1. Now I'm really confused. In your comment in response to my earlier blog post "MMT and The Problem with Government Bonds", you said "I can't think of a single MMT proponent who doesn't say that the government should not only NOT pay interest on bonds, it shouldn't issue them at all.", and now you are telling me that "the only way to avoid a future crash is for the government to supply the savings desires of the private sector. It does this by continually increasing its own liabilities" (which presumably means issuing bonds).

    2. The causality is this.

      Government spends. If everybody spends the money they earn then the government will get back everything that it spends - to the penny. Each time, every time regardless of the quantity of money it spends. That is a simple mathematical truth for any positive tax rate.

      The only thing that stops that happening immediately in any given accounting period is that people don't spend everything they earn! That $100 in your wallet is savings. By holding it there you are denying somebody else an income.

      The transitive nature of the banking system means that any government spending that is saved ends up as reserves at the central bank largely in the accounts of the commercial banks.

      The Treasury half of the government (bearing in mind that the central bank is part of government too) then offers savings bonds which it swaps for the reserves held at the central bank.

      It doesn't have to do that. The central bank could easily cut out the middleman and just offer an overdraft to the Treasury to the same level as the reserves saved in the accounts of commercial banks.

      Bonds are a political choice. Paying interest on bonds is a political choice.

      Reserves are savings like bonds with the interest paid by the central bank rather than the Treasury.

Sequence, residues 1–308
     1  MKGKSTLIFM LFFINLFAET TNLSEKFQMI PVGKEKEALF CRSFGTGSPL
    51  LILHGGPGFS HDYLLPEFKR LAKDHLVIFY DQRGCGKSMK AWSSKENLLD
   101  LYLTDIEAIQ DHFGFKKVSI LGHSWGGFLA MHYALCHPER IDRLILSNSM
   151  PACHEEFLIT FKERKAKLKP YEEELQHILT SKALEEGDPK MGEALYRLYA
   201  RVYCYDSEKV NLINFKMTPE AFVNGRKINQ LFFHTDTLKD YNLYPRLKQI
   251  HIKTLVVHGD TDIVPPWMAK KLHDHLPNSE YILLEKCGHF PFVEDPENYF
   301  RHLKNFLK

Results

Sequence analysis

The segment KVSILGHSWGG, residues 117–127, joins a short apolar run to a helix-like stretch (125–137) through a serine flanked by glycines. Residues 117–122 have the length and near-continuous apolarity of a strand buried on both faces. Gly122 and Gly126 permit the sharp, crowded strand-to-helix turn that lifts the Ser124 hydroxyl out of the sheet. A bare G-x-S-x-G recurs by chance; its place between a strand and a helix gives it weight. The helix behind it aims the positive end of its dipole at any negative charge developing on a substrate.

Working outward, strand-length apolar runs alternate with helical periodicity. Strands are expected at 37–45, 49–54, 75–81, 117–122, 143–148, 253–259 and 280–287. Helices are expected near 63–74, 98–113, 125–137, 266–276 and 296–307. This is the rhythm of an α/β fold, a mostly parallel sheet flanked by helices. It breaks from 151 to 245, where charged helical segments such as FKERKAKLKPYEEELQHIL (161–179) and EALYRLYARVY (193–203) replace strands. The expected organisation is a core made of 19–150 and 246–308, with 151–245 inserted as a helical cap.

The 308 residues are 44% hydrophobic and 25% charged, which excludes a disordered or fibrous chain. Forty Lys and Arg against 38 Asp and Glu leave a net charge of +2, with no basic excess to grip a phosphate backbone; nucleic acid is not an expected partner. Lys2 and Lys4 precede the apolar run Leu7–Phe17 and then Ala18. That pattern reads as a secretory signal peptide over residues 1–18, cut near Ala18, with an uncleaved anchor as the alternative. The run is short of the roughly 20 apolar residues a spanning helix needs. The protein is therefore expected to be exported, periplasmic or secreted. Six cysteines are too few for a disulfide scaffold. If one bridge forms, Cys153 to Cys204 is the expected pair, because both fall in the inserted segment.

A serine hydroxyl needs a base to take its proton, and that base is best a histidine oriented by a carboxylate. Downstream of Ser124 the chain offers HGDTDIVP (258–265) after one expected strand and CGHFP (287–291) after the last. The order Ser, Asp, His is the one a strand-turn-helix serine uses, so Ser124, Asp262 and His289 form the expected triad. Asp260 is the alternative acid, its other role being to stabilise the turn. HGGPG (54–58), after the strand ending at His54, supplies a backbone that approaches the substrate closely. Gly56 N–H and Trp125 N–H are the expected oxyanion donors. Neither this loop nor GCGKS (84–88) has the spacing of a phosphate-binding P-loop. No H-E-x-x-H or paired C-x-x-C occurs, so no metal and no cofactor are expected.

2. The government can easily supply savings to the private sector without issuing bonds: it just needs to deficit spend and then leave the spending as excess reserve balances with the banks rather than selling bonds to offset the spending. These reserves balances are the liabilities being increased rather than government bonds.

    Operationally, of course, there is little difference between reserve balances and bonds besides the term structure and yield. Deciding that is a matter of monetary policy.

    Raising the price of money doesn't seem to be the most effective way of preventing private debt bubbles. It's much better to regulate banks on the assets side than on the liabilities side - that's what all the links I posted explain.

  3. From Bill Mitchell, one of the main founders of MMT: "Too much private credit undermines growth and increases inequality"

    I think this article addresses your main issue directly and clearly:

    "So if there is a desire to reign in the overexpansion of private credit (particularly in the case of household debt) then the national accounting logic that Modern Monetary Theory (MMT) demonstrates will lead to the conclusion that a growth strategy based on fiscal austerity will be damaging to prosperity.

    If private spending is to be moderated as credit is reduced, then the public sector will have to take up the spending slack.

    It isn’t rocket science. But Groupthink oblivion is just that!"